In your thirties, single, no kids, but all your friends are getting married and having babies. It’s happening so much that your wedding and baby shower invitations are starting to pile up. But don’t feel too bad about your off-the-beaten-path life choices. Here are ways to help you deal with all the exchanging of vows and popping out of babies going on around you.
Sometimes we can tell when our relationship is coming to an end.
If you’re in a long-term relationship, the things you once found endearing quickly become annoying. You start to see qualities and traits in your partner that you don’t like. And eventually, you realize that you have no idea how to deal with everything. The endless arguments without a resolution. The feelings of being trapped. You want out.
But what happens when you don’t see a breakup coming?
You had convinced yourself that you were so deep in love that you didn’t realize what you thought was a relationship was just one-sided infatuation. You thought you were growing and going places, but the only person who seemed to be moving was you. So how do you cope with a breakup when you thought things were going good, and you have no idea as to why they fell apart? Most will tell you that in time, things will get better. That’s true! But right now you’re left trying to pick up the pieces and hoping to figure out what went wrong. And that’s normal.
Sometimes you have to let your emotions consume you, even if that means hitting rock bottom. It’s common for people to try to make sense of what happened and it’s okay to want answers. But sometimes you have to be okay with not getting closure. Allow yourself to run through and replay your entire relationship in your mind, talk to friends, and if you must, binge on Ben & Jerry’s for a day. That’s okay too. It’s all a part of the coping process. But it’s also important to know that once you’ve allowed yourself to get it all out and hit rock bottom, you shouldn’t plan on staying there. Coping is a healthy form of recovery, but once it turns obsessive, it’s no longer healthy and it’s time to pick yourself back up and start finding those simple joys in your life again.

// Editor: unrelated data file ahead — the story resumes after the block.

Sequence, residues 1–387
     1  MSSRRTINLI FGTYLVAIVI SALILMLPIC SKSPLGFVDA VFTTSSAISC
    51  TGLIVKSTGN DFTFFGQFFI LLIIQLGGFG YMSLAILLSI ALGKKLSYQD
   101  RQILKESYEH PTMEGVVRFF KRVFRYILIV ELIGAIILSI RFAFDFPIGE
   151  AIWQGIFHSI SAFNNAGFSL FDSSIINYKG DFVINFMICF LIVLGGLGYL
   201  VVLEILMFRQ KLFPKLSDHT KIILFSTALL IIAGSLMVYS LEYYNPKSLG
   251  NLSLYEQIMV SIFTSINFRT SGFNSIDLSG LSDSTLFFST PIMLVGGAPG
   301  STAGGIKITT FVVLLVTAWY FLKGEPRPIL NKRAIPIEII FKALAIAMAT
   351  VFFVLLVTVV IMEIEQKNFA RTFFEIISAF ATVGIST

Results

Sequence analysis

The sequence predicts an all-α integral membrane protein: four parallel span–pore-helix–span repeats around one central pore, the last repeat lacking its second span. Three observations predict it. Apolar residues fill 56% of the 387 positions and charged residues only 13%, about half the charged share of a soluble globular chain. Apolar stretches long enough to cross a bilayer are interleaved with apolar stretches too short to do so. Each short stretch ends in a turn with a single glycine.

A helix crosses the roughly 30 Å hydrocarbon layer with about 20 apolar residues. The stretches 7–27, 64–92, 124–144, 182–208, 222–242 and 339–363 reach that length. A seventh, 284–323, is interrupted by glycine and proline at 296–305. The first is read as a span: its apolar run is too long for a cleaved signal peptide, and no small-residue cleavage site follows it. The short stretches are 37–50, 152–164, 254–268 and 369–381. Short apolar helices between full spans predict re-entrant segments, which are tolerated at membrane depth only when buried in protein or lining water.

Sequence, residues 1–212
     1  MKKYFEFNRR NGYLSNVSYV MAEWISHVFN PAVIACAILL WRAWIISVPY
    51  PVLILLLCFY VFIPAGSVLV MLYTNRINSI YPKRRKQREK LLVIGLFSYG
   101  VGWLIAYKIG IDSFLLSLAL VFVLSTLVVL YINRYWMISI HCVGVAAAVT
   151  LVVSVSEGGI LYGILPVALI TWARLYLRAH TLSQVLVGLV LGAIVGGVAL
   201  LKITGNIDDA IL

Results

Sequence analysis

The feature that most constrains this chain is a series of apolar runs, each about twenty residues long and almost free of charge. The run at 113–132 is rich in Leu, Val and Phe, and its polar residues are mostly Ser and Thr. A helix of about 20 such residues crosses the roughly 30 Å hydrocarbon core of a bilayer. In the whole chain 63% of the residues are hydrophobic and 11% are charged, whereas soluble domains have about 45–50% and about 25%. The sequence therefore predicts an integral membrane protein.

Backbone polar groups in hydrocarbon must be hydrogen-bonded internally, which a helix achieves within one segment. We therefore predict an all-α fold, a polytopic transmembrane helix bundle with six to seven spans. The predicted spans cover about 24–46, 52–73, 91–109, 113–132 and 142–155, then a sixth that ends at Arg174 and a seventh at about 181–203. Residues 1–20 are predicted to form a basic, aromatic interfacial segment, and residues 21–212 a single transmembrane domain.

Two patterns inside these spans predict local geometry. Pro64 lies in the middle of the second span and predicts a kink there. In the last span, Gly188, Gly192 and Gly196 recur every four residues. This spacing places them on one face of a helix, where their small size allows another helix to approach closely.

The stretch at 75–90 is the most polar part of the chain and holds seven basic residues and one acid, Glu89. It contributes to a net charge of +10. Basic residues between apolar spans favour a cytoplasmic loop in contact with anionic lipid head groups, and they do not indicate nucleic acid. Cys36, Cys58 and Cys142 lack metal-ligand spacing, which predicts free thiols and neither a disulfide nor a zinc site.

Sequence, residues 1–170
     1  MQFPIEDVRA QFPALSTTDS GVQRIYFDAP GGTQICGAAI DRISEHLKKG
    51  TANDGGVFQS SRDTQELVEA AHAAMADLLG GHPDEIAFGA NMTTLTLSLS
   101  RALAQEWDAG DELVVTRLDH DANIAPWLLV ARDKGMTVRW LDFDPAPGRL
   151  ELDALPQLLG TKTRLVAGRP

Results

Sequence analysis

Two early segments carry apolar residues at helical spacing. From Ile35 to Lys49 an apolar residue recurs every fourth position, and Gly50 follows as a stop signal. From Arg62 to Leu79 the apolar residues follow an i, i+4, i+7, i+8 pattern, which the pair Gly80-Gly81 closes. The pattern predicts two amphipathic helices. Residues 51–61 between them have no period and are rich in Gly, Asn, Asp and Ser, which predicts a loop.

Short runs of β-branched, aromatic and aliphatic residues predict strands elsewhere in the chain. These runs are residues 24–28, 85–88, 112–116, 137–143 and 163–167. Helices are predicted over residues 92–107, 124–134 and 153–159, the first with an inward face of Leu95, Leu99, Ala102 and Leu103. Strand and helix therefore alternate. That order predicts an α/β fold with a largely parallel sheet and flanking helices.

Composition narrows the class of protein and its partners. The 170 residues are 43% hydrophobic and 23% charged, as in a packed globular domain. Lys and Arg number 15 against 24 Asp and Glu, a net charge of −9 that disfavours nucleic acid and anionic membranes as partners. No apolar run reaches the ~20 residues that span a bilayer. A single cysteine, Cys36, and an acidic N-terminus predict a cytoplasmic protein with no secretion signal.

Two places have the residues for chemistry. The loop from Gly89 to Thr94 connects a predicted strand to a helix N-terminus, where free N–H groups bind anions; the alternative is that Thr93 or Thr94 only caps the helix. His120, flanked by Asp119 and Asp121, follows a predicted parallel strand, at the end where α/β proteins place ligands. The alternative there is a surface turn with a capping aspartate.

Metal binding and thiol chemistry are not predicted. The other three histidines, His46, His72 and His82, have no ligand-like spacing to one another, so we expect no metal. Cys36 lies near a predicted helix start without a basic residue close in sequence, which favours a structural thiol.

Make A Connection
The first thing most of us do when grieving is to isolate ourselves. We shut down from everything and everyone partially because pride won’t allow us to let people see us that vulnerable, but also because taking flight is one of our basic instincts and defense mechanisms to protect ourselves. While it might help to have a crying session by yourself, it’s even more helpful to have someone close by to help you cope. I’ve learned to surround myself with love whenever I’m hurting because I can always count on my friends for a good laugh, a good conversation, and a good story to ease my mind. If you neglected friends during your relationship, it’s time to reconnect. Trust me, they won’t shut you out.
Pick A Hobby
There is life after a breakup, and it’s your job to rediscover it. Do something you’ve never done before or pick something you used to love and want to try again. Take a cooking class, become a gym rat, sign up for a free photography class–anything. Exploring new things, setting new goals and allowing yourself new experiences is a healthy distraction, but it’s also an opportunity for personal development. It’s a win-win situation.
I remember experiencing my first unexpected breakup. It took me a while to get over it, and I honestly didn’t think I would. Things were going so well between us and out of nowhere it all just fell apart. No amount of excuses, apologies and reasoning could give me the closure I wanted until I had to learn just to accept everything for what it was. It was over, and I needed to move on. I had to be okay. And once I started accepting that and rediscovering life as a single woman, it took less time to heal.
I’ve learned that the best way to deal with any breakup is to keep on living through it. You’ll continue to love and want love, and you’ll find it soon enough. As for your defunct relationship, you may never know why it ended the way that it did. Be okay with that. It just means better is on the horizon.